Floridians receive influenza vaccinations at rates below the national average, but that might change as more people sign up for healthcare insurance under the Affordable Care Act, consumer advocates and health experts say.
Flu shots are free under ACA plans, as long as consumers stay in-network.
“We have already seen an increase in the use of many preventive services, including flu vaccinations, that plans must now offer — at no cost to consumers — as a result of the ACA,” said Greg Mellowe, policy director of Florida CHAIN, a consumer group.
As a worse-than-expected flu season approaches, it’s important for people to get the vaccine, health officials say.
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Florida trails other states in vaccinating key groups such as children, high-risk adults and the elderly, according to data collected by the Centers for Disease Control and Prevention. During the 2013-2014 flu season, Florida vaccinated 37 percent of “high-risk” adults between the ages of 18 and 64, the lowest rate in the nation. Adults at high risk include those with asthma, diabetes, cancer and other chronic conditions.
About 59 percent of Florida residents over 65 received a vaccine, putting Florida at No. 45 out of 50 states. Meanwhile, 63.6 percent of children between 6 months and 4 years old were vaccinated, meaning the state falls at 42nd in the nation.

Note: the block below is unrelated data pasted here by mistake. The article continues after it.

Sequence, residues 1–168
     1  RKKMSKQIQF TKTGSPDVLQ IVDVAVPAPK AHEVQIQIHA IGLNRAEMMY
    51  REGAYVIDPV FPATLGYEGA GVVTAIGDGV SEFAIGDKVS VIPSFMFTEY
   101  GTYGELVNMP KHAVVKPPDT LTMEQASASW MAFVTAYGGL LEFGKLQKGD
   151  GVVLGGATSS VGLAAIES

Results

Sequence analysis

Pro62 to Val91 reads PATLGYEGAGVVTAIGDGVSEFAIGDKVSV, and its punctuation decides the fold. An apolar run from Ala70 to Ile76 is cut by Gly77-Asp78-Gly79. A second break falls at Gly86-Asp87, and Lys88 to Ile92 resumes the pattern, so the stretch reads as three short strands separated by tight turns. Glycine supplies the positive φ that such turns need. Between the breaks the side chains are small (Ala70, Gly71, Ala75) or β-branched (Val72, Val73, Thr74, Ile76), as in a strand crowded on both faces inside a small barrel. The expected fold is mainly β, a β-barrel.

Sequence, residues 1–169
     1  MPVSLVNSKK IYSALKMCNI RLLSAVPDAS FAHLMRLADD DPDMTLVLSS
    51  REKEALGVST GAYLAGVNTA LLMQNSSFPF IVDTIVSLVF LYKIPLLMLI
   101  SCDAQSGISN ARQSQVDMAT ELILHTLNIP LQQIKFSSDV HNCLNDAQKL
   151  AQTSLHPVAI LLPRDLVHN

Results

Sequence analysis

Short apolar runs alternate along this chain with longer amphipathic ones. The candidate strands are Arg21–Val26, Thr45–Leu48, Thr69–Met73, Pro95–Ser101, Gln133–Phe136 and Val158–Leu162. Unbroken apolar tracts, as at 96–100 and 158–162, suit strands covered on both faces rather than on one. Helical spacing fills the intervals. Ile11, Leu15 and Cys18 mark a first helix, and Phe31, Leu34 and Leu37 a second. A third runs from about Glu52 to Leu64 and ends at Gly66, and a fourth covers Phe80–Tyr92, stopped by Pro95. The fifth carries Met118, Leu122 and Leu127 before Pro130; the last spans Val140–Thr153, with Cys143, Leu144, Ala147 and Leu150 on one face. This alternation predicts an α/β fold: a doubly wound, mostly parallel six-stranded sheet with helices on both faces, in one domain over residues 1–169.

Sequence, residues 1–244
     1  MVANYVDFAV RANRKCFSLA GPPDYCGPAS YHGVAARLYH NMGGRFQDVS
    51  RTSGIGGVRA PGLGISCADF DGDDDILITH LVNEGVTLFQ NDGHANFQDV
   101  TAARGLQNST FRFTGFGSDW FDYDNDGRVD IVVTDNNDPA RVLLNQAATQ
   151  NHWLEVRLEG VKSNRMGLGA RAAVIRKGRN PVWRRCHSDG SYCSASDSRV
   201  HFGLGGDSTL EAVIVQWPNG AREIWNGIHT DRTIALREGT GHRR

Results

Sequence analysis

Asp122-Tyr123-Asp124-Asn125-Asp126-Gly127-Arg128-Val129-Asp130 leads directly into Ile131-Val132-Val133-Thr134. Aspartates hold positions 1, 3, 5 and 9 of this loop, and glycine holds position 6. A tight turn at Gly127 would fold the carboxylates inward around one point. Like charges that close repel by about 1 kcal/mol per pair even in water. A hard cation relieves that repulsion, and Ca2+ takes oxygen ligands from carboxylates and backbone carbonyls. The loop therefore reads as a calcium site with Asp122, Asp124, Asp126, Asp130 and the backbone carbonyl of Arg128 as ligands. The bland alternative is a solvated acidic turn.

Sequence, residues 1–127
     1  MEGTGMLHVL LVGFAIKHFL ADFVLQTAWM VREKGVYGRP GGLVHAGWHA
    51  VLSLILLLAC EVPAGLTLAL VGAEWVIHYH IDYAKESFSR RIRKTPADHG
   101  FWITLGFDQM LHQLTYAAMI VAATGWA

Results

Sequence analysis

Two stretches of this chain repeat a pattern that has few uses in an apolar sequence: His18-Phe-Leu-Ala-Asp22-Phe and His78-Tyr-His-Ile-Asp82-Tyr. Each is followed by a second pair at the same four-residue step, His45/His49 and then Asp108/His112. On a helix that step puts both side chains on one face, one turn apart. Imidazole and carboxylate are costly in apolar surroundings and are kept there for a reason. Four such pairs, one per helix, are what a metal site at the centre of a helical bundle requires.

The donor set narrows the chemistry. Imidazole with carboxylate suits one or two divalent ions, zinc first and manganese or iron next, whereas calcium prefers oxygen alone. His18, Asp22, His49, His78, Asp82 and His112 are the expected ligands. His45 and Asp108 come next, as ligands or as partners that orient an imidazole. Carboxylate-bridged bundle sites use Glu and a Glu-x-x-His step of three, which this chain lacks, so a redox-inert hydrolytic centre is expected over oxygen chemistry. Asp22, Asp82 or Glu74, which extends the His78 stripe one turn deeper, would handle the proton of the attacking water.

Florida was about seven points below the national average for both categories.
The state also fell below national averages for vaccinating Hispanics and African-Americans by 11 points each.
Other big states are vaccinating more of their residents than Florida, including New York, which has a population of similar size.
At the Florida Department of Health, improving flu shot rates “is a priority,” said spokesman Nathan Dunn. “Outreach activities have been ongoing at the state and county level since launching the flu vaccination campaign in September,” he said.
About 90,000 Florida children in more than 30 school districts have been vaccinated this year through the statewide “Healthy Schools” program, according to Dunn.
Healthcare advocates are optimistic that Florida will increase its vaccination rates as more people take advantage of the health law.
“We’re going to see those numbers begin to improve, especially given how many folks enrolled in Florida last time around,” said Nick Duran, state director for Enroll America, a nonprofit that advocates for people to sign up for coverage under the health law.
“That’s something we’re telling people when they sign up: ‘Look, you can go get your flu shot today. It’s free,’” Duran said.
About 762,000 Floridians had ACA plans as of June, according to the Florida Office of Insurance Regulation.
Robert Prieto, a CVS pharmacist in Miami Lakes, said he has noticed a change since his customers started signing up for Obamacare in 2013.
“I have patients who’ve had no insurance in the past — people who paid cash if they needed a prescription — and they come in and tell me they’ve signed up for the ACA,” said Prieto, who’s worked at the same pharmacy for 21 years. “And I say they can get a flu shot now and they say they can’t afford it and I tell them it’s free.”